Equally grand in ambition are A Drum is a Woman (1956) and Such Sweet Thunder (1957). The former began life as a television broadcast on the U.S. Steel Hour, and the Columbia recording can be considered an original cast recording for the program. The “musical fantasy” followed Carribee Joe and his drum which becomes a woman known as Madam Zajj. As the liner notes explain (reproduced on the rear artwork of the paper sleeve that houses the disc), “Joe, the primitive, wanted to remain with the jungle. Zajj, the sensuous, gaudy, sophisticated siren that is jazz, wanted to travel.” Co-writers and arrangers Ellington and Strayhorn used this story to explore the ethnic roots of jazz from Africa to Barbados and New Orleans. Vocals were supplied by Margaret Tynes, Joya Sherrill and Ozzie Bailey while Ellington’s orchestra members, as usual, had ample moments to shine via solos. Like most orchestrations by Ellington and Strayhorn, the album opens with the inviting sound of Duke’s piano, but the musical style soon stretches into unknown territory including the calypso of “What Else Can You Do with a Drum,” sung by Bailey. “Hey, Buddy Bolden” is a smoldering production number led by Sherrill on vocals and Clark Terry and Ray Nance on trumpets. “You Better Know It” is a finger-snapper also sung by Bailey. “Ballet of the Flying Saucers” is a standout among the purely musical moments, with a drum solo from Sam Woodyard, although it’s part of a longer track also containing narration. In this “jazz opera,” there’s also a significant amount of narration (much of it in verse) to move the story along, resonantly spoken by Ellington. It may be one of the most unusual items in Ellington’s catalogue, but its comparative rarity makes it all the more fascinating to rediscover. (A European reissue of A Drum is a Woman added the bonus track “Pomegranate” which is not reprised here.)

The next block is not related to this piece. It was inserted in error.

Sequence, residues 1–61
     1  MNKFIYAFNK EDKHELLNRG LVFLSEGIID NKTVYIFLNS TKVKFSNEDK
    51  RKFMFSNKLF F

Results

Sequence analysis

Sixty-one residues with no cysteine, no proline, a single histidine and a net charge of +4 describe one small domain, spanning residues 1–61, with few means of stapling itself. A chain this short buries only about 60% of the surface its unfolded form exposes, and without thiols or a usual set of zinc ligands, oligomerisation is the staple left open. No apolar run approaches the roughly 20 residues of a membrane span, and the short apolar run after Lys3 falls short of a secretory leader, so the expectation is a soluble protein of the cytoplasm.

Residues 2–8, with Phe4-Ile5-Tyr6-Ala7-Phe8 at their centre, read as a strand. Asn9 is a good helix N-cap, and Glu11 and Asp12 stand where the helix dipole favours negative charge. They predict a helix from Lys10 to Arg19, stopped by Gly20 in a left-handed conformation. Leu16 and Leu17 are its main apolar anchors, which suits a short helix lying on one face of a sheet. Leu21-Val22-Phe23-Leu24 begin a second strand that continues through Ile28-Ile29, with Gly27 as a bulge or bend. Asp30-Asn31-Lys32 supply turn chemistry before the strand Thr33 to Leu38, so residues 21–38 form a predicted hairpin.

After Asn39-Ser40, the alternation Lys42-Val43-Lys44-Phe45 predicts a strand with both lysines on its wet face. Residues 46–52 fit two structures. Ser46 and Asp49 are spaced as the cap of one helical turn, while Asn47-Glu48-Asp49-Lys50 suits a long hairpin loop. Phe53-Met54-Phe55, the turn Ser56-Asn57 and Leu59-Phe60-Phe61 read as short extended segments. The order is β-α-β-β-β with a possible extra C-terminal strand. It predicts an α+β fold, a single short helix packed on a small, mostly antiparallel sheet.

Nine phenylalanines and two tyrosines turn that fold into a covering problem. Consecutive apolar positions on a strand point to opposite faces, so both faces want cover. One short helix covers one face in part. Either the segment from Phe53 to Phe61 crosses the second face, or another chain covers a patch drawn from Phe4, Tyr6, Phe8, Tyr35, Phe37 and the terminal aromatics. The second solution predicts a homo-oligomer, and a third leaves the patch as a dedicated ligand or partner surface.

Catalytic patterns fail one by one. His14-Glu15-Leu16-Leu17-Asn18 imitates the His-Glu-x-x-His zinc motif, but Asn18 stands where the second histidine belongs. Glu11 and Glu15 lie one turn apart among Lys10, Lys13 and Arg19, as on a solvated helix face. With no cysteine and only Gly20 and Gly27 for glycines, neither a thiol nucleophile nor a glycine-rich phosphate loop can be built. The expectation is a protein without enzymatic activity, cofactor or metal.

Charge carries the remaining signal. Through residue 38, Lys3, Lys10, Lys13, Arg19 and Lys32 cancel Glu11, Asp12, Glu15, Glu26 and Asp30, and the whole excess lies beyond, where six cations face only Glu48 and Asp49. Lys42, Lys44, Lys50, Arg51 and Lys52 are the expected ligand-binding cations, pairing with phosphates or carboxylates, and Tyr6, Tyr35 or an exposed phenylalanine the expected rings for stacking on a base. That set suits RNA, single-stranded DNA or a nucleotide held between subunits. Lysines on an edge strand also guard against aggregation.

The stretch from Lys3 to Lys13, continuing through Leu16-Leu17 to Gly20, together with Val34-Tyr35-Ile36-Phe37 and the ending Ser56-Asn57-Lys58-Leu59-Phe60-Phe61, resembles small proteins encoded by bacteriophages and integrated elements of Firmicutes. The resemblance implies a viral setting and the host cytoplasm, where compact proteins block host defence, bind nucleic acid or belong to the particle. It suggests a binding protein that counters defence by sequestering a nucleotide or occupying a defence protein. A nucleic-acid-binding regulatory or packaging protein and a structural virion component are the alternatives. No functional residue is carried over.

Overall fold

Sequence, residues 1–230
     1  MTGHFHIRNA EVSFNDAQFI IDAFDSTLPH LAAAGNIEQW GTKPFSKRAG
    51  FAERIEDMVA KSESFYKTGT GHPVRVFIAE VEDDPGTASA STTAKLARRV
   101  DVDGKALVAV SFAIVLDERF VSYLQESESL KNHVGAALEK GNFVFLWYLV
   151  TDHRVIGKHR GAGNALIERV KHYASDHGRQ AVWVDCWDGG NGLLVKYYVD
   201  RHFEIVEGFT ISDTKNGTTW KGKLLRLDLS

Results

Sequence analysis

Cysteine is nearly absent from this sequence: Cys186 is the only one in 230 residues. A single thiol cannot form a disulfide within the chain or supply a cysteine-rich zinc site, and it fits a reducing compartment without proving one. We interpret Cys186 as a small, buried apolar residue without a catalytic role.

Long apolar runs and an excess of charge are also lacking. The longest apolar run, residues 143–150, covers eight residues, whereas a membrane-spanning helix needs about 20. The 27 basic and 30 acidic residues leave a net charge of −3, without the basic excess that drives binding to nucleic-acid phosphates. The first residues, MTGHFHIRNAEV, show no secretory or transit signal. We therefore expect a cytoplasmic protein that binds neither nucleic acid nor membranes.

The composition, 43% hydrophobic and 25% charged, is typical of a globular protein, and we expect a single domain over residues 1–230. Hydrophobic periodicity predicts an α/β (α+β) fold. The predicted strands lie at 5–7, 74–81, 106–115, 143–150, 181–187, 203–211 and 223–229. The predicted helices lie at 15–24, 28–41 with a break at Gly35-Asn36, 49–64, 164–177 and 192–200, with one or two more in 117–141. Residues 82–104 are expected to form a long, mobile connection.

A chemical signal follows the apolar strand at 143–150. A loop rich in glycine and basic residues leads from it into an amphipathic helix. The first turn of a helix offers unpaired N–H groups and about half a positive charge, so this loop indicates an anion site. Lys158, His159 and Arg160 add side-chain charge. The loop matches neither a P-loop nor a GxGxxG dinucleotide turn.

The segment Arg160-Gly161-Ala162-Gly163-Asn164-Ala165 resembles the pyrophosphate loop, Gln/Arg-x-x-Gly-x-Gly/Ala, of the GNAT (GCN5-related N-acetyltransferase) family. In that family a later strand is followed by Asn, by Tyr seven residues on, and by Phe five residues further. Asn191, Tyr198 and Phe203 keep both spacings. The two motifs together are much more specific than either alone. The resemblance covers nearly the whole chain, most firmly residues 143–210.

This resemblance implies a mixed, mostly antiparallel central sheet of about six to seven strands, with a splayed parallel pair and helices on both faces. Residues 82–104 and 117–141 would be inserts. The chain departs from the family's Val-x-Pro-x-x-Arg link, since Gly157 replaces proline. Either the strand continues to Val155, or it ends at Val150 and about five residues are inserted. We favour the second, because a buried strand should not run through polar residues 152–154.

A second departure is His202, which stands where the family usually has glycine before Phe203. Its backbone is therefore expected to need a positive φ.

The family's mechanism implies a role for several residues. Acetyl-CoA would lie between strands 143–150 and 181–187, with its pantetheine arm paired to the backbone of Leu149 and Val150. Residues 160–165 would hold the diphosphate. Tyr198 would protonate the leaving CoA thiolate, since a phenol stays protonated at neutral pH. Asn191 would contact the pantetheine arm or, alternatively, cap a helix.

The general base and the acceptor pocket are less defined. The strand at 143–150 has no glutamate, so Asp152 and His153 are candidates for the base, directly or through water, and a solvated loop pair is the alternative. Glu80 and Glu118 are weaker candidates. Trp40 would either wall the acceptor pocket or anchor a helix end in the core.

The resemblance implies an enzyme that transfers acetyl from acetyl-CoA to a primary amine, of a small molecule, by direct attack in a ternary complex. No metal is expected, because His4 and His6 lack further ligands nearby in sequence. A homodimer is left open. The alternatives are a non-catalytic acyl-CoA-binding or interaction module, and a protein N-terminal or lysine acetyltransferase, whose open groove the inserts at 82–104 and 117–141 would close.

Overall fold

Such Sweet Thunder could be the crown jewel of the box set. Shakespeare fan Ellington set out to musicalize the Bard’s immortal characters, though not in traditional musical theatre form but via instrumental concert compositions. The twelve-part suite draws on works including Othello, Macbeth, A Midsummer Night’s Dream, and Hamlet for a rich, transporting orchestral journey entirely composed and orchestrated by Ellington and Strayhorn. (Some earlier compositions were, however, incorporated and reworked for the suite.) The 22-track edition created by Legacy in 1999 has been utilized here; it was notable not only for the overly generous selection of bonus tracks, but for presenting Such Sweet Thunder in stereo for the first time. Equal parts sweet and thunderous, the album is one of the Duke’s masterworks. (Footnote: Ellington would likely have been pleased with the 1997 Broadway musical Play On! The short-lived productionreset Shakespeare’s Twelfth Night to Harlem with an all-Duke score.)